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Saturday, April 18, 2015

How tall is the light pole?

In early March, Mother Nature was very cooperative with our lesson plans and we had a couple of 60 degree days.  We were in the middle of our similarity unit and wanted to get our geometry students outside for an activity.  My co-teacher and I had both done activities involving indirect measurement before in our previous schools, but we had both used clinometers and right triangle trigonometry as the vehicle.

This year, we decided to use mirrors and model our activity similar to the one shown here.















We modeled our lesson after Mr. Chuck Pack's lesson (from The Teaching Channel).  He does a much better job of explaining the activity on video than I could in writing.

The students loved getting outside and the day was a success.  Most importantly, students demonstrated strong understanding of the concept of indirect measurement and experienced it firsthand.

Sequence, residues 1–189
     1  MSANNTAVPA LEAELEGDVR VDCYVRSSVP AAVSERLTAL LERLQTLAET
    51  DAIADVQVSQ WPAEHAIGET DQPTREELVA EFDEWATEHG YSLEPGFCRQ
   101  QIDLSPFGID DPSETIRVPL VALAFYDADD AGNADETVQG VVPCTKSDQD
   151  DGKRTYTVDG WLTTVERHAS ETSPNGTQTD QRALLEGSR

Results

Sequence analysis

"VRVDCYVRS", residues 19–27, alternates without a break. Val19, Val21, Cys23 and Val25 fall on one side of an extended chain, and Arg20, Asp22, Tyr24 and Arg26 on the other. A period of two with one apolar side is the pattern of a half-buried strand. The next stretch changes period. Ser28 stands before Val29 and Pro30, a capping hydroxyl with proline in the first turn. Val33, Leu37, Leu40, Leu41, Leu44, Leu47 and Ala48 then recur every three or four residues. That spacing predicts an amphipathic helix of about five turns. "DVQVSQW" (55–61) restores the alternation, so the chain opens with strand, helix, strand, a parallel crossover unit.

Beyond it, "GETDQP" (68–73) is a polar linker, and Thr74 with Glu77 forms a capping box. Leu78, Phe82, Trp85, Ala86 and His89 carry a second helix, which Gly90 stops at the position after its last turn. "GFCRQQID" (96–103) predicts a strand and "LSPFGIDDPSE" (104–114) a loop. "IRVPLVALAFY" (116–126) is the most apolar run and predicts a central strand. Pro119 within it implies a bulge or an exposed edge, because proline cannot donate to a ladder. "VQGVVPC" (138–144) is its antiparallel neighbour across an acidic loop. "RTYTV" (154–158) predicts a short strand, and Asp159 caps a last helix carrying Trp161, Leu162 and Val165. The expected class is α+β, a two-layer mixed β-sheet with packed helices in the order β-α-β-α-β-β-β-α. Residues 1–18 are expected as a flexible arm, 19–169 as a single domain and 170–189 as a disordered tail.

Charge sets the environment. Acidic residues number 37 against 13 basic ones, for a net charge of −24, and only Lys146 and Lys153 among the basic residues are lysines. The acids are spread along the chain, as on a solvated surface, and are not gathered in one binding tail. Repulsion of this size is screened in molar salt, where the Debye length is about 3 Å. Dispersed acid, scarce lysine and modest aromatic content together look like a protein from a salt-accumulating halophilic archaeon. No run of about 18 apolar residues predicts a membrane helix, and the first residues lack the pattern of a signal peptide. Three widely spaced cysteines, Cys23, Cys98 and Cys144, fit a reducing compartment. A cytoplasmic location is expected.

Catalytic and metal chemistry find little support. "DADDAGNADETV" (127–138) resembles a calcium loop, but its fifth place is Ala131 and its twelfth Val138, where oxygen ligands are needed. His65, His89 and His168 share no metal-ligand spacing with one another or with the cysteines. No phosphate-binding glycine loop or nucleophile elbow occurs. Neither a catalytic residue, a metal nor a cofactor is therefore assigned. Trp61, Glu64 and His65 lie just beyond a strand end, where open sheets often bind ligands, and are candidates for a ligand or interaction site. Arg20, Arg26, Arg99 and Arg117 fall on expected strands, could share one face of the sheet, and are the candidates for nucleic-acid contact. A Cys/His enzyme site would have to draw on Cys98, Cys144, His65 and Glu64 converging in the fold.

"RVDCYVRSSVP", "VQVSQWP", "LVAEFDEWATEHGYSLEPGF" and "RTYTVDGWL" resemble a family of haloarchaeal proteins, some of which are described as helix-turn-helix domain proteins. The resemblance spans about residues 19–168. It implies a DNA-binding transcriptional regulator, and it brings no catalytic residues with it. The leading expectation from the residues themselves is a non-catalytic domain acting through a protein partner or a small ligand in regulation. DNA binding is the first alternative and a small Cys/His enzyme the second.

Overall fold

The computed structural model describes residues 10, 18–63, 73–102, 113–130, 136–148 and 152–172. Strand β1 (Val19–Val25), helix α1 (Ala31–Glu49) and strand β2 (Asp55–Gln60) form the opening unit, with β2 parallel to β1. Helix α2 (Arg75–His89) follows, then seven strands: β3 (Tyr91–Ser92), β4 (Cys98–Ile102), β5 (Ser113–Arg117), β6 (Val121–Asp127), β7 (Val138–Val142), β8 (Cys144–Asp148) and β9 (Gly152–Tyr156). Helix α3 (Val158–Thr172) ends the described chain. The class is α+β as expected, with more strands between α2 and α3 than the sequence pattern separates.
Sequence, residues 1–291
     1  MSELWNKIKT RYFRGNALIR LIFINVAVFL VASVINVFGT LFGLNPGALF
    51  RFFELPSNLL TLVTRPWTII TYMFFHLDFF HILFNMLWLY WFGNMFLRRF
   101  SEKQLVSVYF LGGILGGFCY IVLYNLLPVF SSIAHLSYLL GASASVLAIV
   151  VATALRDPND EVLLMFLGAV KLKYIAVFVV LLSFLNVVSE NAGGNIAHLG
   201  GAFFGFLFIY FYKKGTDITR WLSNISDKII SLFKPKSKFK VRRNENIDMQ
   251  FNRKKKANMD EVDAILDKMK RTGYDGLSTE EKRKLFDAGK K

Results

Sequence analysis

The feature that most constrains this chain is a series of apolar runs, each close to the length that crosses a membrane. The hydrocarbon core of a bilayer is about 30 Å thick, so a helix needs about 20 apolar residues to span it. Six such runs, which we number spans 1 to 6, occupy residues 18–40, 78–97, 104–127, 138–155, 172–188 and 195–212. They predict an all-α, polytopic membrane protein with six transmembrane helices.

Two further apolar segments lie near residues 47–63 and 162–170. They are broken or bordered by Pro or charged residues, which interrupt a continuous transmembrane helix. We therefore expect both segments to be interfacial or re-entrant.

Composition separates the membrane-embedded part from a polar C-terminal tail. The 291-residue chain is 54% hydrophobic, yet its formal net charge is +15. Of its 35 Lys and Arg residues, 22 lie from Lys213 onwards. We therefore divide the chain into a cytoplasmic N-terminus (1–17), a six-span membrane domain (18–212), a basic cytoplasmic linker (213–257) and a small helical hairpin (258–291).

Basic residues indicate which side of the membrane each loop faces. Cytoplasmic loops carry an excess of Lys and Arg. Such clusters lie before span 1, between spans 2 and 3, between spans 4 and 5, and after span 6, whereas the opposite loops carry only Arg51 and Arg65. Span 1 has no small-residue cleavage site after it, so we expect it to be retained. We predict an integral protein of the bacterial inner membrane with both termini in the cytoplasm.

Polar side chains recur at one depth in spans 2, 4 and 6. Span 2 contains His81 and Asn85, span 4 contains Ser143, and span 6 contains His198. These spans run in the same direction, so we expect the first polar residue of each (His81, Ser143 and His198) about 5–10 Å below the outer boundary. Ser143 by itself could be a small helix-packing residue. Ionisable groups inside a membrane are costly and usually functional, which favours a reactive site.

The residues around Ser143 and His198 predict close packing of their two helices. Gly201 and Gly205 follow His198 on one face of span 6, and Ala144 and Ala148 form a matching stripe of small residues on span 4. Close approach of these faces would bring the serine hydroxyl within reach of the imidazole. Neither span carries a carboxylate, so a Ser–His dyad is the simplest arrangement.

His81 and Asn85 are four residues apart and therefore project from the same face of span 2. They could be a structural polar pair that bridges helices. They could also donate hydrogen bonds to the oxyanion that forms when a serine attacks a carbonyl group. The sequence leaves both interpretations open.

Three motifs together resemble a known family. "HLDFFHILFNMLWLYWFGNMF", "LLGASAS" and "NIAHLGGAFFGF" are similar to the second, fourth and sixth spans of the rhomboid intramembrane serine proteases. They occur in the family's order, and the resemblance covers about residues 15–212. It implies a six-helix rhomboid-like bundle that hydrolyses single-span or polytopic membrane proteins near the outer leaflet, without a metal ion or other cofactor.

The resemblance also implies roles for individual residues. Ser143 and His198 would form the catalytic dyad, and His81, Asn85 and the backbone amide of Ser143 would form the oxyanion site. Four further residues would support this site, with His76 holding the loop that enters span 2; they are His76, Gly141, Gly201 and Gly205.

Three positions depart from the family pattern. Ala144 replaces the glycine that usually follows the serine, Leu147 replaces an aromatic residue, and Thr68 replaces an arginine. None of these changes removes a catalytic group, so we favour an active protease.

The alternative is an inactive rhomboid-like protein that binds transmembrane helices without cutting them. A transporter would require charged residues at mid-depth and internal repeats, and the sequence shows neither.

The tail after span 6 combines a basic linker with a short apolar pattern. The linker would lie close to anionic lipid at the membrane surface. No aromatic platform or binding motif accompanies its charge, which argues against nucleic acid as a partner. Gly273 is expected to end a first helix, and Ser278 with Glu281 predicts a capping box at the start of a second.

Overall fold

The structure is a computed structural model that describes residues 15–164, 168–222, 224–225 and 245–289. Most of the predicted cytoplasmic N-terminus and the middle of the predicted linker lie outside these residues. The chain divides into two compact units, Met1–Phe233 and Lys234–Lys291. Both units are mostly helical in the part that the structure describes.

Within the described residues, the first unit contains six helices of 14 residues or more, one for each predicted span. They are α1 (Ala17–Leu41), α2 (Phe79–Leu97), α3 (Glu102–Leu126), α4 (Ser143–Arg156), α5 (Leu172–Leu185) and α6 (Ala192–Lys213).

3.11.15 - Brookings HS

The indirect measurement activity using mirrors worked very well.

The one thing I really loved about Mr. Pack's activity that I had never thought of doing was collecting the data and tie in some data analysis / statistics into the day.  It's inevitable that at least one group make some major errors in their measurements or calculations.  Outliers and the effect an outlier has on the mean is begging to be discussed.  TI-Nspire does a very nice job of displaying the data from our three classes in the scatterplot. Great idea, Mr. Pack!



Next year, we're planning to improve our activity in two ways.  

1)  We used meter sticks and yard sticks to measure our distances along the ground.  Next year, we will hopefully have 100-ft tape measures.  It will be interesting to see if our data has less variation.

2) We are planning to use clinometers as well next year after our trigonometry unit.  We can then potentially use our mirror data and compare it to the clinometer data.  

If anyone has ideas of some statistical analysis type activities we can do to extend the lesson next year, please reply below.  I am especially interested in stats connections to the CCSS.

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